Plenty of people believe the key to a good core is hundreds of sit ups and a six pack, but why is it really important to have a good core? It isn’t about getting a six pack, as plenty of us, me included, can’t get one no matter how hard we try, but instead the stability and strength it provides us when running. Core exercises help strengthen your core but so does running. I also ensure I incorporate a variation of core exercises, some dynamic and some static, not just crunches and sit ups, as this works all the different areas of your core.
Especially now we are in cross country season, having a strong core is extremely important for stability. When I am faced with deep mud and uneven surfaces I need to our upmost to stay balanced on my feet and not fall over. If I have a strong core I am more likely to be able to fight against stumbling and stay upright.
I find, having a strong core helps contribute to a good upright body position. Without noticing I find myself learning hunched over. Especially when studying or writing at a desk, it can be easy to adopt a poor body position. I find if I focus on my core and sit upright I am less likely to hunch over my desk.
For a long time now, I have always ensured I incorporate core into my training schedule. It is very easy to do and doesn’t take very long, but sometimes it is getting the motivation to do it that is a struggle. Sometimes going to the gym is the best option. If there are other people around you and you are in the gym where there are no distractions it is a lot easier to get on with a good core routine, get it done, and then head home. However, sometimes it is the effort of going to the gym just to do core that can be off putting. This is when it is so easy to do a core workout. You can simply do it in the comfort of your own home, in your room, outside in the summer, or in front of a good tv programme in the lounge. Whatever you find most relaxing and motivating to do core, do it! I personally prefer to do it at home as I can fit it in around other things, or as a break from working.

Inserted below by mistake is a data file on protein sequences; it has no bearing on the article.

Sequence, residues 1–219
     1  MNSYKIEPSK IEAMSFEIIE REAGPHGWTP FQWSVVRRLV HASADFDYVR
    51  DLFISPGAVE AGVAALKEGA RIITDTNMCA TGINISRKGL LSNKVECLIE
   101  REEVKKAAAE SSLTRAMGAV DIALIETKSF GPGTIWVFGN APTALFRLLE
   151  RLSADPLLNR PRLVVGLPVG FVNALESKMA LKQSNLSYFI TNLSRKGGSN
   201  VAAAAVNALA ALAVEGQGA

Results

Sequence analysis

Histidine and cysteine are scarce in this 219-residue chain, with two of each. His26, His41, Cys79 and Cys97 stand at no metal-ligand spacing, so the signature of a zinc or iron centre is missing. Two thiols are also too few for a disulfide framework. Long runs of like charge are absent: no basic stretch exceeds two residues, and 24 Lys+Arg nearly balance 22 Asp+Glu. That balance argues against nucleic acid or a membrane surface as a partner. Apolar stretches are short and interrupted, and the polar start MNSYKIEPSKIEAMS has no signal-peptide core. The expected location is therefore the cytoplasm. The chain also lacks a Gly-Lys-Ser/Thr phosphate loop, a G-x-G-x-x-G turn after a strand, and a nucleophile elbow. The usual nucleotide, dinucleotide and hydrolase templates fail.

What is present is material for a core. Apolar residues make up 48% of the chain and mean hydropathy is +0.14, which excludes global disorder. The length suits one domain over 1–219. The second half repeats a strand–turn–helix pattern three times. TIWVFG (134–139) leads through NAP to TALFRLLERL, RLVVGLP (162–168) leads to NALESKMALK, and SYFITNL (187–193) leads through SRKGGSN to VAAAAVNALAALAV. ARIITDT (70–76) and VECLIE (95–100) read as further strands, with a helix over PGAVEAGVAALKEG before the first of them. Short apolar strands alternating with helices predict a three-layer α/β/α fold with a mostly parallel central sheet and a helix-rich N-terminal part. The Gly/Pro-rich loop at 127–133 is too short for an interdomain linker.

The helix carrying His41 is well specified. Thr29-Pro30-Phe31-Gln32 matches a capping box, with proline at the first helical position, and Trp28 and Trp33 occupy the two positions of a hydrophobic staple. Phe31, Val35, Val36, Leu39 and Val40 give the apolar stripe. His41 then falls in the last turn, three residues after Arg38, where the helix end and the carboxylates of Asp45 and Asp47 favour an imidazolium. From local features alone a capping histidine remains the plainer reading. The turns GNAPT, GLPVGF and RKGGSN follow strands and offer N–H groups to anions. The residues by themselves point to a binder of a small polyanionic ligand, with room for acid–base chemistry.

Here are a few of my favourite core exercises. I sometimes add a light weight to make them slightly harder.